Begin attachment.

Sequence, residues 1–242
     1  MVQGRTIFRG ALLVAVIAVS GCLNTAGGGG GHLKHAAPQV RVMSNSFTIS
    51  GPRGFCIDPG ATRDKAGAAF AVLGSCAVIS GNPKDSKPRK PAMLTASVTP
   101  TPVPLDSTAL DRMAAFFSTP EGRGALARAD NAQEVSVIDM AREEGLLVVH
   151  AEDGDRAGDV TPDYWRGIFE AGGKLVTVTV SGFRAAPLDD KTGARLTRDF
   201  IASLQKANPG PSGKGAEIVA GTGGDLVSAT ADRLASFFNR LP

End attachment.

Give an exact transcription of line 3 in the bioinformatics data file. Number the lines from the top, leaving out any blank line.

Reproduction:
    51  GPRGFCIDPG ATRDKAGAAF AVLGSCAVIS GNPKDSKPRK PAMLTASVTP